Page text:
Reduced inhaler use is safe for infants with bronchiolitis

(Children's Hospital of Philadelphia) Bronchiolitis, a lung infection that is one of the most common reasons for hospitalizations in young children, is most prevalent during the winter months and is usually treated with albuterol delivered via inhalers, despite evidence showing no benefit in most patients. A multidisciplinary team of researchers from Children's Hospital of Philadelphia (CHOP) redesigned the hospital's standard treatment for the infection and reduced albuterol use without compromising care.
Source: EurekAlert! - Medicine and Health - Category: International Medicine & Public Health Source Type: news

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Bronchiolitis is the primary infection of the lower respiratory tract in children under 2 years of age. Although it is generally considered a single nosological entity, recent studies suggested remarkable clin...
Source: Italian Journal of Pediatrics - Category: Pediatrics Authors: Tags: Research Source Type: research
In Reply Dr Keim-Malpass and colleagues raise interesting points about our study of continuous pulse oximetry monitoring in bronchiolitis. First, they comment that the evidence underlying the American Academy of Pediatrics recommendation against continuous pulse oximetry is weak and that parents find physiologic monitoring reassuring; therefore, calls for deimplementation are unwarranted. This logic suggests that weak evidence of harm (without evidence of benefit) and parent preference justify implementation of a medical intervention. We disagree. Similar logic likely contributed to the overprescribing of antibiotics for m...
Source: JAMA - Category: General Medicine Source Type: research
To the Editors Dr Bonafide and colleagues found variability among hospitals in the use of pulse oximetry after discontinuation of oxygen therapy in children hospitalized for bronchiolitis. They suggested that oxygen monitoring should be deimplemented. We have 3 concerns.
Source: JAMA - Category: General Medicine Source Type: research
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Source: Archives de Pediatrie - Category: Pediatrics Authors: Tags: Arch Pediatr Source Type: research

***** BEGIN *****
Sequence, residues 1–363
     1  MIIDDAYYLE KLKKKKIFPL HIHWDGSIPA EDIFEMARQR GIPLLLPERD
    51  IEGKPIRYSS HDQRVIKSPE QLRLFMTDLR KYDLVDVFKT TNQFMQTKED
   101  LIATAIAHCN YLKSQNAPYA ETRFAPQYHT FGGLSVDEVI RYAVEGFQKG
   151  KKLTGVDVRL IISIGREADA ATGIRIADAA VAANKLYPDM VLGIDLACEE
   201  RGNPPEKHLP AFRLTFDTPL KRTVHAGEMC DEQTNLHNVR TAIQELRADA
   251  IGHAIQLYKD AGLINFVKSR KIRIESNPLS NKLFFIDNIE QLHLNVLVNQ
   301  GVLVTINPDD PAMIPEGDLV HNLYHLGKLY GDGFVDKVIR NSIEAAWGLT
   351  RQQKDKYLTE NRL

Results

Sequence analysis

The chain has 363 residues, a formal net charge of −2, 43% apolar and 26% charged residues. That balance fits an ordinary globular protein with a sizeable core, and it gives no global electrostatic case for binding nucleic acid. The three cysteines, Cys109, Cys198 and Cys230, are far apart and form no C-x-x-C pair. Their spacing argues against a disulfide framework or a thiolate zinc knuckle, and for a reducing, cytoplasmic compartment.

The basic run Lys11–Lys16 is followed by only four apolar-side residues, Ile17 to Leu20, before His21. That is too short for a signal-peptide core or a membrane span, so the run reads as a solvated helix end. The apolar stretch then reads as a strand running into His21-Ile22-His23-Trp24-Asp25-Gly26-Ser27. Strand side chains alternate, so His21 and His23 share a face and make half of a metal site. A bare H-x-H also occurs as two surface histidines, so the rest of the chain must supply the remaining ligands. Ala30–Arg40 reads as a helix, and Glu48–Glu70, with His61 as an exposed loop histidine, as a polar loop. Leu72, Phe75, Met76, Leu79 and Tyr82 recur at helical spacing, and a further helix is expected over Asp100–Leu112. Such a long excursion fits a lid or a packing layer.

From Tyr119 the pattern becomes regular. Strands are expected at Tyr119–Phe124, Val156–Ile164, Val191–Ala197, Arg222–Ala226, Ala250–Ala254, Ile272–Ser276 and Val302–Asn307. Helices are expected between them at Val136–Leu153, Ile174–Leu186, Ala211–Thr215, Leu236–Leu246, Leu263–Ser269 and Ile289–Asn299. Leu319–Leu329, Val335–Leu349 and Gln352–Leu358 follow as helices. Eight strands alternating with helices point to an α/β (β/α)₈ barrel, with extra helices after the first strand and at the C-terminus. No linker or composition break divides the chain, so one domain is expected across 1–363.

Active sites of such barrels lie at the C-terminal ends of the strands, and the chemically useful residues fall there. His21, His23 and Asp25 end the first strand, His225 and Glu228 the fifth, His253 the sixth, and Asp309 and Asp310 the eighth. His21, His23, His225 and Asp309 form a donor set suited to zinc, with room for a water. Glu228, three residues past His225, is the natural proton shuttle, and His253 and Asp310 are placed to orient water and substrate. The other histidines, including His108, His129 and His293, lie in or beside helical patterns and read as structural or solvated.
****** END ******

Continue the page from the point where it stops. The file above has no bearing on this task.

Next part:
Viral infections of the upper and lower respiratory tracts are among the most common illness in humans, mainly in children and infants in whom the infection can occur 5 to 6 times for year (Berry et al, 2015). For this reason, acute respiratory infections (ARIs) represent a persistent public health problem; although the majority of ARIs remain confined to the upper tract (rhinosinusitis, pharyngitis, laryngitis, tracheitis) they can cause severe manifestations when affecting the lower tract (bronchitis, bronchiolitis, and pneumonia) (Bicer et al., 2013; Tregoning and Schwarze, 2010; Zappa et al., 2008).
Source: International Journal of Infectious Diseases - Category: Infectious Diseases Authors: Source Type: research
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Source: European Respiratory Journal - Category: Respiratory Medicine Authors: Tags: Editorials Source Type: research
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Source: The Journal of Heart and Lung Transplantation - Category: Transplant Surgery Authors: Source Type: research
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Source: Current Awareness Service for Health (CASH) - Category: Consumer Health News Source Type: news
CONCLUSIONS: Children exposed to prenatal and postnatal maternal smoking have a higher risk of suffering bronchiolitis. Reducing the smoking habit in women that intend to become pregnant must be a priority in preventive medicine. PMID: 32988767 [PubMed - as supplied by publisher]
Source: Anales de Pediatria - Category: Pediatrics Authors: Tags: An Pediatr (Barc) Source Type: research
l CA, Kalergis AM Abstract The human respiratory syncytial virus (hRSV) is the most common infectious agent that affects children before two years of age. hRSV outbreaks cause a significant increase in hospitalizations during the winter season associated with bronchiolitis and pneumonia. Recently, neurologic alterations have been associated with hRSV infection in children, which include seizures, central apnea, and encephalopathy. Also, hRSV RNA has been detected in cerebrospinal fluids (CSF) from patients with neurological symptoms after hRSV infection. Additionally, previous studies have shown that hRSV can be d...
Source: Brain, Behavior, and Immunity - Category: Neurology Authors: Tags: Brain Behav Immun Source Type: research
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